I had to admit before I wrote this blog post I never really thought beyond my collections as being part of my behavioural traits of my personality. I remember the thrill of finding a Sweet Valley High book that I really wanted (this was before I was old enough to use ebay) and it was cheap. I do like order in my life and being fairly in control and I used to be really tidy which reminds me of the time spent ordering my books. I am not too bothered anymore, I just pile the books up on the shelves and I am not as tidy as I used to be.
What do you collect?
Today’s post has got me focused on what does self-care mean. I always saw self-care as bubble bath, candles, turning the phone off and mindfulness however I am finding more and more that self-care means different things to different people. Hannah Daisy draws a series of beautiful images on Instagram using the #boringselfcare. I think these images they are brilliant they range from doing my banking to cleaning the dishes to emptying the bins. I have to admit from doing all of my housework jobs I do feel pretty good and it has improved my mood a little bit, however is it self-care? In one instance it is self care – walking around in a filthy house is not healthy and seeing it filthy isn’t going to make anyone’s mood better. Also neglecting where you live for a long period of time is an indicator that something is going on.
However I see housework as another job and I do have the tendency to put it off to do the things that I want to do, which isn’t ideal and also the reality is that housework and other jobs have to be done and although it may not seem like it completing all of these jobs does help towards your overall self-care. Also is there a limit to self-care? Self-care ultimately means to me is doing something that you want to do whether that is reading, listening to music or exercising to make sure your mind is switched off from the world.
There are people that think that self-care is something that only the wealthy can afford, which is ridiculous. Self-care isn’t about spa days and expensive liquids it is about being able to switch off for an hour. I agree it is a lot harder and sometimes impossible for many people to do this due to their circumstances. So what do I do to relax, well reading is the best for me, completing word searches and exercising.
What does self-care mean to you and what do you do to relax?
Hello, hello! today I am back with a chatty post about my experience balancing part-time study and full- time work. After I graduated from my Geography degree in 2012, I have spent the last few years working in Marketing and decided in 2015 to go back and study for a Chartered Institute of Marketing Certificate in Professional Marketing. This was normally a year long course but in the end it took me two years (more about that later) however I completed it and now I have the certificate which I am very proud of.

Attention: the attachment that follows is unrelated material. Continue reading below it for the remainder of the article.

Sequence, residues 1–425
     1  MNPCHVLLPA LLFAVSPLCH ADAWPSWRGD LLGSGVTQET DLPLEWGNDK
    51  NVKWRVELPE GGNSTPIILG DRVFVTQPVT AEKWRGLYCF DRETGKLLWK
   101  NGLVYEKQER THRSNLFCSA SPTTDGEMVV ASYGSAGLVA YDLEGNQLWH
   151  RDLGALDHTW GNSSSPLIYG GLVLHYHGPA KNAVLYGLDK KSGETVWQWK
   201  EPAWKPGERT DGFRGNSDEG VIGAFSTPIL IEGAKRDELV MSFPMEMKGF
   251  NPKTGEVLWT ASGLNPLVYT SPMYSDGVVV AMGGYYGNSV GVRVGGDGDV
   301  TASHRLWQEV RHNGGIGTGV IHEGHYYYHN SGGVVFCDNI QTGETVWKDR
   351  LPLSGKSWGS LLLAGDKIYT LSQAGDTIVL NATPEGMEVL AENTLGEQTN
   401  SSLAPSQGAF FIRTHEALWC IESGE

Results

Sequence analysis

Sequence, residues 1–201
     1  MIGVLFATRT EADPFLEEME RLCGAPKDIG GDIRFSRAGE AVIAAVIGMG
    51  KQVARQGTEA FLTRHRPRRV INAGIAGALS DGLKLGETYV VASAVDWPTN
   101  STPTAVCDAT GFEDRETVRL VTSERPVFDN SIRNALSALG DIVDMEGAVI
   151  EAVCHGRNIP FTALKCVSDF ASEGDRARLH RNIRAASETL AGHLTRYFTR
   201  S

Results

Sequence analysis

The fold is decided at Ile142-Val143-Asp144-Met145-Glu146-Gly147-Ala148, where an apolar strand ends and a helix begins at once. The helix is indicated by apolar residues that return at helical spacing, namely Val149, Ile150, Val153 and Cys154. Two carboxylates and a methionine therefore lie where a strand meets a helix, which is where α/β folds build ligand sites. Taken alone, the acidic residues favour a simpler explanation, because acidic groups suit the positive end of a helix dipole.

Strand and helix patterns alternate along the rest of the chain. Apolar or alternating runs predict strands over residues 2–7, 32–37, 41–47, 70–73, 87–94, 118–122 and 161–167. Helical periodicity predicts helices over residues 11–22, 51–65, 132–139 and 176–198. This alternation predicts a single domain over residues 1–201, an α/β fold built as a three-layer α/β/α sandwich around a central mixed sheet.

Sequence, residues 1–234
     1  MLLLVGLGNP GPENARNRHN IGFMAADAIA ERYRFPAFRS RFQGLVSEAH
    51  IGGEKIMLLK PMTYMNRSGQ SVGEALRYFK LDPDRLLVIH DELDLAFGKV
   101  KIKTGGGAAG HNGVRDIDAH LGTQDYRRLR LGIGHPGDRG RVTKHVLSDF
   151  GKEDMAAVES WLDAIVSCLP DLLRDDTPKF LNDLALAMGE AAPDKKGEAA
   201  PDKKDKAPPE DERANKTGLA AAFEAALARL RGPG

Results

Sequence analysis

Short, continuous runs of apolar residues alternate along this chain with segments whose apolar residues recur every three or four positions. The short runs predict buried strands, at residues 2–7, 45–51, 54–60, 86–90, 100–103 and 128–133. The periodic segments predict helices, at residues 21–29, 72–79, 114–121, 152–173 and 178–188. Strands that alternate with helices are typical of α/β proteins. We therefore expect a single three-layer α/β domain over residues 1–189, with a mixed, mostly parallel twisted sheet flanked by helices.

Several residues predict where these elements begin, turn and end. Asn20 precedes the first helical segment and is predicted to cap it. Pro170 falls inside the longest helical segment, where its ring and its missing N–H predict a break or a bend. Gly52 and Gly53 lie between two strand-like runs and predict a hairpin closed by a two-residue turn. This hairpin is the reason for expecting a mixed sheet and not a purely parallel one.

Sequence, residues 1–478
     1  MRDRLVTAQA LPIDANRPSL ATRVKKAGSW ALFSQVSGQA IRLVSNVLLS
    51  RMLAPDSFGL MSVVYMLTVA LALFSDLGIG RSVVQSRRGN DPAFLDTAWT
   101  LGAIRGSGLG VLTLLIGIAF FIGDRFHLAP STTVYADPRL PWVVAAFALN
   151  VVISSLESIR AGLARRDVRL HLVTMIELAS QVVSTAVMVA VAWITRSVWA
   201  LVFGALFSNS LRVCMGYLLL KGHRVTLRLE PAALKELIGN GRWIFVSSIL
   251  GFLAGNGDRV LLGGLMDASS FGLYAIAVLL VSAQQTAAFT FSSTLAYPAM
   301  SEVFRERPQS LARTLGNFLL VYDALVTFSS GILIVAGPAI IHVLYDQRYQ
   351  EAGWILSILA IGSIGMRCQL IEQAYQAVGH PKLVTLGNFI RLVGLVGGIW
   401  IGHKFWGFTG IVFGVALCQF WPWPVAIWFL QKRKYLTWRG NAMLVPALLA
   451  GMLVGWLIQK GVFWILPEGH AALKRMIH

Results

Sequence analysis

The first module, I remember sitting down and actually feeling very nervous about studying because I hadn’t studied for a while and I really understood why mature students get so nervous! I soon got into the swing of things however. One thing you learn early on is that you need to keep on top of things and that the homework you cannot really miss, as if you do you are missing out on the extra learning which is only going to bite you in the bum later on. I had an exam for the first module so the pressure was off in terms of coursework. I was very lucky that I was allowed two days off per module for paid study leave at my work. Three weeks before I also dedicated one day of my weekend for exam prep.
The coursework modules were so much harder. The CIM is different to normal uni in that your lecturer can only look at your work once and not really give you much feedback. This is quite difficult with the CIM because at times I found the questions quite vague (my biggest bugbear of the entire course!) and half the time was spent deciphering these stupid questions but once you got you get your head around them it is ok. You have to start the coursework quite early because if you don’t you will easily fall behind. My lecturer was quite helpful in the fact that he had set out a timetable as a indicator of when different parts of the coursework should be completed, so I just followed that.